What really matters in learning: features, benefits, or emotions?
Technology may be the enabler, but a deeper appreciation only happens when your learning has some heart, says Toby Harris.
These days, whizz-bang platforms in the world of elearning are aplenty. The problem is that enough good content to fill those platforms really isn’t. In fact, the typical experience of elearning content has become so negative that, to many outsiders or first-timers, the word itself sometimes seems doom-laden and ill-fated.
I spend an unhealthy amount of my time listening to clients bemoan the appearance of that package of 400 courses they were offered by the last elearning salesperson to call in. The conventional elearning course has turned Neanderthal: it’s become an ossified form, a hangover from a bygone era.
This is partly because typical user experience expectations have changed dramatically: people are now used to scrolling down pages on the web or on phones, so why do we continue packing content into static slides? An outdated medium has begun to obscure the message.
We won’t necessarily solve this problem with a platform. The purpose of this article is to refocus attention away from the emphasis on feature-packed, mobile-optimised, social learning environments - and towards the creation of emotively charged learning content.
To do that, (and if we want to sell elearning as a meaningful tool for personal development in a world where online experiences bring down dictatorships), we need to probe a little more into the relationship between features, advantages and benefits. Instead of the usual middle term, this article puts forward a different one: emotions.
A feature is not a why
Imagine an empty Facebook – no friends, no comments and no memes – and you are imagining the actual appeal to the learner of that shiny platform which looked so good at the Learning Technologies show. (Or you are imagining the final years of Friendster, MSN Spaces or Bebo).
"But if [the learner] doesn’t have a damn good reason to be there, it’s an emotionally dead space."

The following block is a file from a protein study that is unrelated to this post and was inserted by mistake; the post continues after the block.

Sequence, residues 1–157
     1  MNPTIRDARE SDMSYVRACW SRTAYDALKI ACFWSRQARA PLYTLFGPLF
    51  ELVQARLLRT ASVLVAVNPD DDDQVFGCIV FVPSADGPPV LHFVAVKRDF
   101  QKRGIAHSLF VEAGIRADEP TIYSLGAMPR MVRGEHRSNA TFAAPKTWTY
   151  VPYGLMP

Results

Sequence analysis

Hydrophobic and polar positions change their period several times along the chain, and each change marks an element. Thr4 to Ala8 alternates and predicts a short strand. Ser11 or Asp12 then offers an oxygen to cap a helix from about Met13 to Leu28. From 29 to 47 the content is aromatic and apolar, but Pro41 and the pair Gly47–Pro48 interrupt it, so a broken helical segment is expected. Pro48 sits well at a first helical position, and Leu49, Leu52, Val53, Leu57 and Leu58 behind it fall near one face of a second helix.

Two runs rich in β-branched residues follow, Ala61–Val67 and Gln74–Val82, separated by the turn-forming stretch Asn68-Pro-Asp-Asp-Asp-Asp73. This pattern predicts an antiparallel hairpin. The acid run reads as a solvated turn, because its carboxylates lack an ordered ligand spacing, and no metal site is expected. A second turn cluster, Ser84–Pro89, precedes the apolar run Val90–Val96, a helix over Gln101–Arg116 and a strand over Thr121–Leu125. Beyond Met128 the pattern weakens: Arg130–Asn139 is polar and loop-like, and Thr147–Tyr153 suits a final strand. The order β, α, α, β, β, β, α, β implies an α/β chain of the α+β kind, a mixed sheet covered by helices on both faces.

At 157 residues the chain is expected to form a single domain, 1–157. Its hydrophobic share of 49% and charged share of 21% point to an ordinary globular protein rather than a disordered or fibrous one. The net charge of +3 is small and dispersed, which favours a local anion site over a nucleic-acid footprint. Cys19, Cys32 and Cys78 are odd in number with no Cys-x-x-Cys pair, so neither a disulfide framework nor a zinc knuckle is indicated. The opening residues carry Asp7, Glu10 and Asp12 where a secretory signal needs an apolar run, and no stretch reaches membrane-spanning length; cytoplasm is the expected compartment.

But the continuing assumption that platforms somehow replace the content in them is what drives vendors to invest millions in developing clever platforms (and put them on sale at prices which are not so clever) whilst ignoring the most important person: the learner. She is not interested in features, but in benefits.
Dropping the learner into a platform which is fizzing away with a metro-style array of live streams, leaderboards and live commentary is all well and good. But if she doesn’t have a damn good reason to be there, if the experience isn’t intrinsically rewarding, it’s still an emotionally dead space.
Solving the mystery of ‘what’s in it for me?’
Last month in Inside Learning Technologies and Skills magazine, Nicholas Baum explained to us some of the principles of something called ‘me-learning’ in his article. He outlined the mechanics of how an elearning course can become a space in which learners can visualise new behaviours in action: ‘Here’s where I am; here’s where I could be; this is what I need to do to get there’. Personalised input and personalised output via emotionally charged content is another way to put it.
The approach has been proven to work in courses such as that developed by Transport for London on mental resilience, where qualitative and quantitative evaluations drew a direct line from meaningful emotional engagement to massive return on investment. So how does it work? Where does the 'why' really come from? What buy-in buttons should those who design learning (and learning platforms) be pushing?
A revolution which has been gathering pace in the field of behavioural economics is highly relevant here. It’s changing the way that we are shaping the online world more generally, and elearning needs to sit up and listen.